With its tenth summer in 1996, the Summer Science Program again finished strong in the endeavor to provide an enriching and intensive five-week immersion in science, mathematics and English for a talented group of science-oriented Williams pre-first year minority students. The goal of the Program is to promote and encourage continuing participation in science and science related studies by members of minorities that have historically been underrepresented in the sciences.

The Program ran for five weeks during July and August of 1996. Students took classes in chemistry (including a major laboratory component), mathematics and English (literature and expository writing). Although not replicas of Williams' academic year offerings, the Summer Science Program classes are taught at a college level, thus introducing participants to the rigors and demands of college academics.

In addition to regular classes, students participated in biology and geology in-the-field experiments. The students engaged in a variety of extracurricular activities, including the Williamstown Theater Festival, and a day trip to Boston. They also participated in many of the activities of the Williams science students who were on campus doing research in the sciences.

Since the first Summer Science Program in 1987, over 120 minority students have participated. Enthusiasm for the Program has been high. Participants have taken full advantage of the opportunity to study at Williams in the summer. Their academic year experiences have, as a result of the Program, been successful and many of the students have continued their studies in science or mathematics. A significant number of former participants have returned to campus in the summertime as summer research students in science and mathematics, have become tutors for the Summer Science Program or have secured positions elsewhere in science research institutes. Since 1987, over 90% of SSP participants have graduated from Williams College, with nearly 50% continuing on to graduate programs in science, medical schools or science related positions. Those students who have left science related activities bring to their careers a strong background in science and mathematics.

Professor Olga R. Beaver continued to direct the Program and to teach a mathematics component. Professor Charles M. Lovett taught the chemistry classes, Professor David P. Richardson conducted the laboratory sessions, Professor Cesar Silva taught the other mathematics component and Professor David L. Smith ran the English sessions with Professor Kristin Carter-Sanborn. Also, Professor David Dethier conducted the geology laboratory and Professor Nancy Roseman presented the biology components. Dr. Michael Payne led the students in discussions of goals, data management, and approaches to college life. The excellent tutors for the Program in 1996 were Krystal Williams `96 (SSP-`92), Anh Nguyen `99 (SSP-`95) and Georgina Parra `99 (SSP-`95). Several former SSP students were on campus in the summer to do science research and contributed much to the spirit of the 1994 Program: Vy Bui `97, Lauren Burwell `97, Jin Kwon `97, James Mura `97, Ramona Nicholson `98, Jean Raphael `97 and Mike Tae'97.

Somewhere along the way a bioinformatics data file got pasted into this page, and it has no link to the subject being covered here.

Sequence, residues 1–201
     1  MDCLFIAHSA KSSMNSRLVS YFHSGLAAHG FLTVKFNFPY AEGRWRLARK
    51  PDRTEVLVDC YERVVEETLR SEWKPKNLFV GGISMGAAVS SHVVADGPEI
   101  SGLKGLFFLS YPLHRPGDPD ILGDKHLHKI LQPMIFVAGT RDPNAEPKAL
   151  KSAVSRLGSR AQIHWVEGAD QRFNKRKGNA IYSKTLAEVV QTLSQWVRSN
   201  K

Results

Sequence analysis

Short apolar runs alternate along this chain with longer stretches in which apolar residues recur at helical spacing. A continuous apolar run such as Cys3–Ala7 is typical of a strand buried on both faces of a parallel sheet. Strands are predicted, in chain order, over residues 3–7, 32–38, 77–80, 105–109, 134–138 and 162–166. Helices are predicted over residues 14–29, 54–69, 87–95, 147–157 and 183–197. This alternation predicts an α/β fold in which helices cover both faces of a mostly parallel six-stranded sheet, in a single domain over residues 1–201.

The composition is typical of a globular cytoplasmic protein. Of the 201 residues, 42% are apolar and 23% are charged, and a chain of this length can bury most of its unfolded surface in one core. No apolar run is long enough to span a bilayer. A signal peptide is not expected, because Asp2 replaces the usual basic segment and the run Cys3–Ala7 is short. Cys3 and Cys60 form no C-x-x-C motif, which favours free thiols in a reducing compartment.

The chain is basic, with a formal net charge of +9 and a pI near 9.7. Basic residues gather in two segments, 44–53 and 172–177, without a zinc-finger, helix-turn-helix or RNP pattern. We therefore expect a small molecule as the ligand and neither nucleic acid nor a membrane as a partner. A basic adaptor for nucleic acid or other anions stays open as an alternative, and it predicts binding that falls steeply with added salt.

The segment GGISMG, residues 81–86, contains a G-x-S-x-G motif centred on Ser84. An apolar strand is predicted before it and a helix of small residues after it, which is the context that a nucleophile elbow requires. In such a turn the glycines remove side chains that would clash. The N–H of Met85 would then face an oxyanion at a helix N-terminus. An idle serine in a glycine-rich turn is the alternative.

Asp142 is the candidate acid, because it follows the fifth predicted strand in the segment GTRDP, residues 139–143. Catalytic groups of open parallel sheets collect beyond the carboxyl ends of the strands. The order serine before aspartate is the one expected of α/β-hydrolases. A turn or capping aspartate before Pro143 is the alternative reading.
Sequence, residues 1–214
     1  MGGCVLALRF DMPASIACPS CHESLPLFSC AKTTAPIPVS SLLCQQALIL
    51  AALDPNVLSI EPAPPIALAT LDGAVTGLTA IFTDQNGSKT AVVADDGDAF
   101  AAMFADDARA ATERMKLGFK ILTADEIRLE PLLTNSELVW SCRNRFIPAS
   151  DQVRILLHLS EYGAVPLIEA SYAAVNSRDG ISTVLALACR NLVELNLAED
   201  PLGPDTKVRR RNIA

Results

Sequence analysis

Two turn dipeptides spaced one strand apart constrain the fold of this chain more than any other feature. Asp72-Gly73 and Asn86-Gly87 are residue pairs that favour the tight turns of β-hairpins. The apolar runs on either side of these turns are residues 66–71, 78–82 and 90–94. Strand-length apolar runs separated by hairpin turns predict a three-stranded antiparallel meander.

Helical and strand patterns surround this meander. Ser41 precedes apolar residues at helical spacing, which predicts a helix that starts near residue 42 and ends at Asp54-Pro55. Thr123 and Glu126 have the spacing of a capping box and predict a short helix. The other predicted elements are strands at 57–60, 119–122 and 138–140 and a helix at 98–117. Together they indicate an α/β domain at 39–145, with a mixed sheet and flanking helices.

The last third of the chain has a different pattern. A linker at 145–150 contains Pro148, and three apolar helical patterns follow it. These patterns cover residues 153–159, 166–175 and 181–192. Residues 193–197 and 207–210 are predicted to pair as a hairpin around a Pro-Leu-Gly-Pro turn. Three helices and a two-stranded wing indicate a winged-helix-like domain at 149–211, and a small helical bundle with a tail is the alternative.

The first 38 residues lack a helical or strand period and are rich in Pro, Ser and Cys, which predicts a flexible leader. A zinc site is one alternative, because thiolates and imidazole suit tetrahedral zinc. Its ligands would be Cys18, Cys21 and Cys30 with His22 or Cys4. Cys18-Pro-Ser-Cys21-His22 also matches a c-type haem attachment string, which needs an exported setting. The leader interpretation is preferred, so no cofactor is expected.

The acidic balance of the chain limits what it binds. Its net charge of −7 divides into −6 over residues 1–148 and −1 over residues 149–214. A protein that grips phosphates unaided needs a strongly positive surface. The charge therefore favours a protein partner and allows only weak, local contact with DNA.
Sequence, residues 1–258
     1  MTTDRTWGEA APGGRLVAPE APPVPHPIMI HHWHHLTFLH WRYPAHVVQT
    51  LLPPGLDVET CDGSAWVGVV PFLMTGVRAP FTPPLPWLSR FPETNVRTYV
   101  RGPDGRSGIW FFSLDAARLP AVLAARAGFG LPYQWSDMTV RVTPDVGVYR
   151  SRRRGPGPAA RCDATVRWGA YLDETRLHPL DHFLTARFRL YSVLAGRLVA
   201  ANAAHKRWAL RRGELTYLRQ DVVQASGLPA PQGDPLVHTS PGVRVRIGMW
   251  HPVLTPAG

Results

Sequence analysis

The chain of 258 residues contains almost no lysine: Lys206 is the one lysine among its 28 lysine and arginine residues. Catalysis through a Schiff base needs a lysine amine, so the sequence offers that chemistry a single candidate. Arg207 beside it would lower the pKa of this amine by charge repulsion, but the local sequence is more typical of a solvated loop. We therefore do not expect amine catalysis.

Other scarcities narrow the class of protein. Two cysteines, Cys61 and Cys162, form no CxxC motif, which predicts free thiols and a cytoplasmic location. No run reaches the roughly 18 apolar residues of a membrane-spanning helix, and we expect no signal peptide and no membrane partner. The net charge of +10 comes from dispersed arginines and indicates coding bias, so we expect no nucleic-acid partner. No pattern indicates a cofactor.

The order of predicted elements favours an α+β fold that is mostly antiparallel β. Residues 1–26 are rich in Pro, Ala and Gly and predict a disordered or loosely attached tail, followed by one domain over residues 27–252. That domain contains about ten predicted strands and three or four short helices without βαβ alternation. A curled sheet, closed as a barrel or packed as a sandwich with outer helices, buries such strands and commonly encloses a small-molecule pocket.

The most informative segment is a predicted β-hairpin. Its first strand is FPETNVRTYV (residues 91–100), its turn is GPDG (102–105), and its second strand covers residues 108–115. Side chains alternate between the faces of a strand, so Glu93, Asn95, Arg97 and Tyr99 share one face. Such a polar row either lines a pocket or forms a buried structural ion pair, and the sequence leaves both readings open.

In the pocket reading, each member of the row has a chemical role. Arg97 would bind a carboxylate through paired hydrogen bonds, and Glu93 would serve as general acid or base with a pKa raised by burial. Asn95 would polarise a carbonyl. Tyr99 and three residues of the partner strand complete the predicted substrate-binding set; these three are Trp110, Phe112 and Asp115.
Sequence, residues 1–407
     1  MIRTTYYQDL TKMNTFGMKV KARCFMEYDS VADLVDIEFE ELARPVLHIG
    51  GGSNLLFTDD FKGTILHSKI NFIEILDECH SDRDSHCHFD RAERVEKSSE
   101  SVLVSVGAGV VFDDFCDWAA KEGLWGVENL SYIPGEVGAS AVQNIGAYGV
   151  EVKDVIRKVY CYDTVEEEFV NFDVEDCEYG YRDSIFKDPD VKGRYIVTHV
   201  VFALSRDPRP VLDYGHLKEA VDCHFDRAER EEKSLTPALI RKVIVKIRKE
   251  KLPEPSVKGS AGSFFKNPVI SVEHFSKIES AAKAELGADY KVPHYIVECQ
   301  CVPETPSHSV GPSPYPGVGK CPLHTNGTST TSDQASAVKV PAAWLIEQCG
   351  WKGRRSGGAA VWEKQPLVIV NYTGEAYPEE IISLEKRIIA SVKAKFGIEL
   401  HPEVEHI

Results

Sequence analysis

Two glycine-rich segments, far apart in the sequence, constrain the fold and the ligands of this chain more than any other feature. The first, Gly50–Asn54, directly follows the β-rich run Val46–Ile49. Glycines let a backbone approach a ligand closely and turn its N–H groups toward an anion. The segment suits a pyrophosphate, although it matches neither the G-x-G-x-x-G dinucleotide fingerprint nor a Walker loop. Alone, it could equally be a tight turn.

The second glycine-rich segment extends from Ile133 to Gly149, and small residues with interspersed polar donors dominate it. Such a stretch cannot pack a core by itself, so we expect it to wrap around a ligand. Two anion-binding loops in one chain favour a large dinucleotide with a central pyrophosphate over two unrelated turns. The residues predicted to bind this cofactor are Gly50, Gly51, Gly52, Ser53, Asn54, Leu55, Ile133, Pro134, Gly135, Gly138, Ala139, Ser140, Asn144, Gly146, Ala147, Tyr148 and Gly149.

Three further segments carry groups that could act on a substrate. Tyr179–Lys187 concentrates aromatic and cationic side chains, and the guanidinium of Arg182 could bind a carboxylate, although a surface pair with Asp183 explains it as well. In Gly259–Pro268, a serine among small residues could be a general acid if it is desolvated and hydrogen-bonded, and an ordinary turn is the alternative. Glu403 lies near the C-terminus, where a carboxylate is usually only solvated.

The Summer Science Program has been principally funded by Williams College as part of the institution's commitment to encourage the participation of women and minorities in the sciences. From 1987 to 1990, follow-up activities during the academic year were also supported by a GTE Focus Grant for Minorities. In 1991, SSP received additional funding from a five-year biological sciences award from the Howard Hughes Medical Institute. This grant contributed support for several SSP components, including the biology laboratories, travel to Boston, the support lectures of Dr. Payne. Special thanks go to the many science faculty and students of Williams College who, both during the summer as well as during the academic year, have taken time to encourage the successes of the Program and of the students.

Williams College Sigma Xi Club

The Williams College Sigma Xi chapter, has played an active role on the Williams campus since it was founded as the Sigma Xi Club in 1969. Sigma Xi is a national society honoring and encouraging research in science. At Williams it also sponsors a number of outreach programs designed to stimulate interest in science among grade school, junior high, and high school students. Officers for 1995-96 were President, Professor Jay M. Pasachoff of the Astronomy Department and Secretary-Treasurer, Assistant Professor Protik Majumder of the Physics Department.

As a result of a change in the constitution and by-laws of the national organization, the William College Sigma Xi `Club' officially became the Williams College Sigma Xi `Chapter' on July 1, 1995. With this change, the Chapter is entitled to all of the benefits of chapter status including the right to elect scientists to full (in addition to associate) membership.